How are you doing at the moment? Do you feel frazzled, a little hopeless and like you would rather be Bill Murray in Groundhog day than in the life that you are currently living? Sorry is that just me? While everything you are feeling right now is ok, there is a risk that if we don’t remain mindful that we will return to a life beyond the pandemic and take none of what we learned during the pandemic with us. There’s also the risk that our extreme longing for what we currently can’t have overshadows the perspective we’ve gained on maintaining better balance in our lives. After all the majority of us don’t want to return to the exact same routine we had before.
So, here are my tips for remaining centered in the next few months. Let’s give ourselves the best chance at feeling energized and renewed when we get to return to elements of our old life. Maybe, even a chance to re-shape the way we work and live post-pandemic.
because no one else can, because you are important, and just because you need to, more than ever right now.
- Plan in a moment of self-care every day whether it’s a short walk, run or stretch
- Plan in time for self reflection every day – your best work is done when you give yourself time to internally review and reflect
- Plan time to slow down and do nothing every day – at least 10-20 mins of intentional nothingness
I’m a huge fan of finding the right environments for the work I need to do. The deep-rooted reason isn’t because it brings me serenity (that’s a nice side effect) it’s because it makes me more effective, and I LOVE efficiency! Here’s my advice on how you can apply the same theory even when you have no or very little ability to change your environment
- Bucket your tasks into activity types:
- Process – can be done with some disturbance
- Deep Focus – requires calm and undisturbed environment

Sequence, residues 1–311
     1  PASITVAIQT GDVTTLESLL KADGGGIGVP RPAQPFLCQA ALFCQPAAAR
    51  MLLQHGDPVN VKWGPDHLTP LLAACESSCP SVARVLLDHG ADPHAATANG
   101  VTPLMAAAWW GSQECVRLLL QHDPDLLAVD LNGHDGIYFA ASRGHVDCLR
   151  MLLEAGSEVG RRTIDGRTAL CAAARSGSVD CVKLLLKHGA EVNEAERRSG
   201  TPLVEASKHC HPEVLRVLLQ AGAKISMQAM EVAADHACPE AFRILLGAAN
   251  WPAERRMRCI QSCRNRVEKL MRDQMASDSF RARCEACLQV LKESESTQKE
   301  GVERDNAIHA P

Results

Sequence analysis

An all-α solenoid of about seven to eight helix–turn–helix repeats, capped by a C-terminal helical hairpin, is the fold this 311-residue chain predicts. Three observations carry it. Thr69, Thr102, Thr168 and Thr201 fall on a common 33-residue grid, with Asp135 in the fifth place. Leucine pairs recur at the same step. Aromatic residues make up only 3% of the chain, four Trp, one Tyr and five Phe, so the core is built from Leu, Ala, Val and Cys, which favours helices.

- Team Calls
- Client Calls
- Think about the best space and time to do these in – can any of them be done away from the desk (walking meetings are a new joy of mine). Plan your calendar around the best moments to do your focus work.
- Consciously transition from one activity to another (even if it’s the same activity type). Stand up, stretch, take some deep breaths and move away from your desk (go for a 5min wander if possible) before re-engaging.
Engage your compassionate intent
- Make time to have virtual meetings that aren’t just about ‘getting things done’
- Take care of each other by taking an interest in the situations your peers are in at home
- Book meetings that do not last the full hour so that there is time for everyone to ’transition’
- Ask yourself what your intent is whenever you are engaging with someone else. Is your motive compassionate or is it competitive. If you don’t know how these different intents might look consider our world leaders, Trump – competitive, Biden-compassionate. Engaging your compassionate motive will enable more holistic, considered and authentic decision-making and action taking
And finally, if you don’t already, practice mindfulness. Your mind needs as much training as your body. Here, a bonus tip from me to you for one of my favorite mindfulness training: Balanced Minds
See you on the other side,